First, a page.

The embodiment illustrated by FIGS. 1 to 4 is, however, particularly preferred.

It will be understood for all examples of the invention that deviations of the convoluted tube from the plane in which it generally lies are envisaged provided they are not excessive. It is not envisaged that such deviations would be substantially greater than one tube diameter or the advantages of a generally flat lamp may be lost. The support housing may, however, be out of the plane of the tube, at least in part and the ends 4 of the tube may then deviate from the general plane sufficiently to enter the support housing. Such a design is illustrated in side elevation in FIG. 6a and in end elevation in FIG. 6b. Although not favoured, it does have the advantage of reducing interception by the support housing 5 of light on paths, such as illustrated at 18, passing to the side of and below the lamp. The arms 6 may be repositioned as at 19 to accommodate the displaced support housing.

Other minor deviations may be tolerated, for example for aesthetic reasons or for reasons of convenience of manufacture.

Although the present invention is particularly advantageous in the field of lamps of dimensions approaching those of general lighting service filament lamps it may be applied with advantage to lamps of very different dimensions larger and smaller including, but not limited to, the well known 26 mm and 38 mm diameter tubes. For such tubes it will be realised not only that the dimensions will be different to those given hereinbefore for the embodiment of FIGS. 1-4 but also that other figures given, such as those for gas fill pressure and mercury dose, will generally be different.

The lamp may be used for instance to replace circular lamps or combinations of `U` shaped lamps with both efficiency and cost advantages. For these purposes the lamp may be used as a tube of the shape of the embodiment of FIGS. 1 to 4 but with end caps suitable for any conventional fitting or some alternative end housing and not necessarily with the central support housing of the preferred embodiment. An example of a tube of the invention in this form is shown in FIG. 7 although as shown not having end caps. The present invention is therefore considered to embrace fluorescent tubes of that shape with or without housing, mount, ballast or supporting circuits.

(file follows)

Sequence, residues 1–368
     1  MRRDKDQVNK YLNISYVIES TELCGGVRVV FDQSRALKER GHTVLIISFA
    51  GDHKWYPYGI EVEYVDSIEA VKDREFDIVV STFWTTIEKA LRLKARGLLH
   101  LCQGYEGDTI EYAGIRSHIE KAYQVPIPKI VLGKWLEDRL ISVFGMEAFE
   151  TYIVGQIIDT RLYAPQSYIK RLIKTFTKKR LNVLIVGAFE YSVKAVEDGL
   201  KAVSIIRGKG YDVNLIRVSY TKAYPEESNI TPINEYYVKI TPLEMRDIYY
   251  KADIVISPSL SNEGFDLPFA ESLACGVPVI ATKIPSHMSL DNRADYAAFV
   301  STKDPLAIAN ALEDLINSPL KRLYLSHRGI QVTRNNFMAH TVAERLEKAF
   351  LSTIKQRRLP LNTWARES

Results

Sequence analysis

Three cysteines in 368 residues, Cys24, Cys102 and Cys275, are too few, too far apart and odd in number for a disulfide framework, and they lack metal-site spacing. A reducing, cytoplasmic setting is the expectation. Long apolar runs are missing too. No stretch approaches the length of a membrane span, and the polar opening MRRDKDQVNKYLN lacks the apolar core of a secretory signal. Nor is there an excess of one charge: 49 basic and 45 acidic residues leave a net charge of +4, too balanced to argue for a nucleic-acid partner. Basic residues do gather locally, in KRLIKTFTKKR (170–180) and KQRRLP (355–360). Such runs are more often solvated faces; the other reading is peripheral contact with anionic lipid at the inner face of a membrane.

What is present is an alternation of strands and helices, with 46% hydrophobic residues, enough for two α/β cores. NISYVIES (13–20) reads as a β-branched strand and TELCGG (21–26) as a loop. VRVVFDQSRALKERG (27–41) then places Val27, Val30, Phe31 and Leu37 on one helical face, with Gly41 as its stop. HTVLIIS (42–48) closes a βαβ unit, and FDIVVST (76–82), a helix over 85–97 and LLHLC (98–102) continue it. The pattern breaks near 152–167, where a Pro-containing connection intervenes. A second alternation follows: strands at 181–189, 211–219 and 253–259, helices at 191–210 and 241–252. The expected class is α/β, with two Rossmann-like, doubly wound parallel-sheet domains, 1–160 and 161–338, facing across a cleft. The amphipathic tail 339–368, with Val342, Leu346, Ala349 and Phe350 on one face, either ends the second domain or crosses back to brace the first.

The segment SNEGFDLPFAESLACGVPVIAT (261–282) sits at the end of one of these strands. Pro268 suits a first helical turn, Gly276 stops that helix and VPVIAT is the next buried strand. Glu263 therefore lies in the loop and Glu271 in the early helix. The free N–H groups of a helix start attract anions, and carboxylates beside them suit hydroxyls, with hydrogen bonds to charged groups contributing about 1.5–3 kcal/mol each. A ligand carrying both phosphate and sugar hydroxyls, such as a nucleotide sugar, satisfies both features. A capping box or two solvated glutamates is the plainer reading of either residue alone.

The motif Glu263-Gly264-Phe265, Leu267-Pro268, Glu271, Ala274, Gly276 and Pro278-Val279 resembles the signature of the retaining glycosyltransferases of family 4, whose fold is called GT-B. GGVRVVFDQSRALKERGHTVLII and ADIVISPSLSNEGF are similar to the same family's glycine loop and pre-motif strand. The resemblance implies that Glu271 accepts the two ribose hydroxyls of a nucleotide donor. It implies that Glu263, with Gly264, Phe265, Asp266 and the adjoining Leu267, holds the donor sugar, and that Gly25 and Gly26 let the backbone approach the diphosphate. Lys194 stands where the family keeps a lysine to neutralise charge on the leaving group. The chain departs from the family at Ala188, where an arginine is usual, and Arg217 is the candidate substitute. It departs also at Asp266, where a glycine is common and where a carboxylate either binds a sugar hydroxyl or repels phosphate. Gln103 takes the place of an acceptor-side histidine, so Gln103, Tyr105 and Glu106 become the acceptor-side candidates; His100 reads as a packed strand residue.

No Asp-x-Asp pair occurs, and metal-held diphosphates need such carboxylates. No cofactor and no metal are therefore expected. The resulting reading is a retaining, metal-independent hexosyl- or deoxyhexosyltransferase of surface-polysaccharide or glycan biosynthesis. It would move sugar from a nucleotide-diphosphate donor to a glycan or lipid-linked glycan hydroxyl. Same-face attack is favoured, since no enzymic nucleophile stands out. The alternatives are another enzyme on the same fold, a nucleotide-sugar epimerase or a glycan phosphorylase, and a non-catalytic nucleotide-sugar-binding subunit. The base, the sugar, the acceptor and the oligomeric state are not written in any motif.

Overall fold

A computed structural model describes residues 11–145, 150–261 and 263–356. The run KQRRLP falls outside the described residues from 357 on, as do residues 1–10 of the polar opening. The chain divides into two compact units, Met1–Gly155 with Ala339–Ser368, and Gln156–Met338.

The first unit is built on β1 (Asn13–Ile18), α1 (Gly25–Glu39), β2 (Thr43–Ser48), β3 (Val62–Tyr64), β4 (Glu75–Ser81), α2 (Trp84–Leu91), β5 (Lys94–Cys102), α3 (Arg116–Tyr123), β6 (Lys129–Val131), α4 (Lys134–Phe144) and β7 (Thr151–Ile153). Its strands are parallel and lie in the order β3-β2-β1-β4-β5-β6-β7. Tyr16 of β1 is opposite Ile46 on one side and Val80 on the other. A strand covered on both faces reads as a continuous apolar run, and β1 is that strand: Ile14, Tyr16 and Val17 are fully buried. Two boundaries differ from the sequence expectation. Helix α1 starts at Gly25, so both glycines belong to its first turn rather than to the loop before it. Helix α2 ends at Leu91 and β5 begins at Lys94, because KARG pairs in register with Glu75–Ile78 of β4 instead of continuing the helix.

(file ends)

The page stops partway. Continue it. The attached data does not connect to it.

Whether or not fitted with the central support housing, a tube of that shape is considered to be advantageous at least because it is a convenient and practical shape for bending and lends itself to advantageous forms of centre support. It is preferred that at least one third of the length of the tube should be straight but the invention is not intended to be so limited.

An important aspect of the invention is its flatness which enables it to be used in substantially flat and unobtrusive fittings. In relation to domestic ligting fittings it is thought that its flatness and compactness give new scope to the fittings designer.

It is believed that the tube of present invention is a particularly versatile form of convoluted discharge tube.

Patent Citations
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Non-Patent Citations
Reference
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US5436813 *Aug 18, 1993Jul 25, 1995U.S. Neon CorporationIllumination apparatus and method of using and making same
US5471375 *Jan 31, 1994Nov 28, 1995Lau; KennethFluorescent light ballast lamp mounting socket construction
US5768663 *Jan 29, 1997Jun 16, 1998Lin; BobLight source arrangement of a scanner
US5950053 *Jun 16, 1998Sep 7, 1999Lin; BobIllumination compensation device of scanner
US6083021 *Feb 25, 1998Jul 4, 2000Lau; KennethFluorescent light ballast lamp mounting socket construction
US6099375 *Mar 23, 1999Aug 8, 2000Saes Getters, S.P.A.Device for dispensing mercury, sorbing reactive gases, shielding electrodes in fluorescent lamps and a process for making such device
US6107737 *Nov 21, 1996Aug 22, 2000Saes Getters, S.P.A.Device for dispensing mercury, sorbing reactive gases, shielding electrodes in fluorescent lamps and a process for making such device
US6726496Oct 16, 2000Apr 27, 2004General Electric CompanyAdapter for a discharge lamp
US7227303Jan 2, 2004Jun 5, 2007General Electric CompanyMethod for forming cold spot region and discharge lamp with such cold spot region
US7256539 *Jan 7, 2003Aug 14, 2007William YuEccentric planar fluorescent tube
US7285899 *Sep 1, 2003Oct 23, 2007Toshiba Lighting & Technology CorporationFluorescent lamp having bent portions and its manufacturing method, and illuminating apparatus including the lamp
US7339314 *May 10, 2005Mar 4, 2008Toshiba Lighting & Technology CorporationMulti-ringed fluorescent lamp and lighting apparatus utilizing same
US7443092 *Nov 21, 2003Oct 28, 2008Toshiba Lighting & Technology CorporationFluorescent lamp including a multi-ringed bulb
EP1469506A2 *Apr 8, 2004Oct 20, 2004General Electric CompanyMethod for forming cold spot region and discharge lamp with such cold spot region
WO1990007676A1 *Jan 5, 1989Jul 12, 1990Seymour AuerbachIntegrated lighting device
Classifications
U.S. Classification362/216, 362/217.08, 313/264, 362/217.13, 362/295
International ClassificationH01J61/30
Cooperative ClassificationY10S315/05, H01J61/30
European ClassificationH01J61/30
Legal Events
DateCodeEventDescription
Mar 24, 1997FPAYFee payment
Year of fee payment: 12
Apr 15, 1993FPAYFee payment
Year of fee payment: 8
Mar 17, 1989FPAYFee payment
Year of fee payment: 4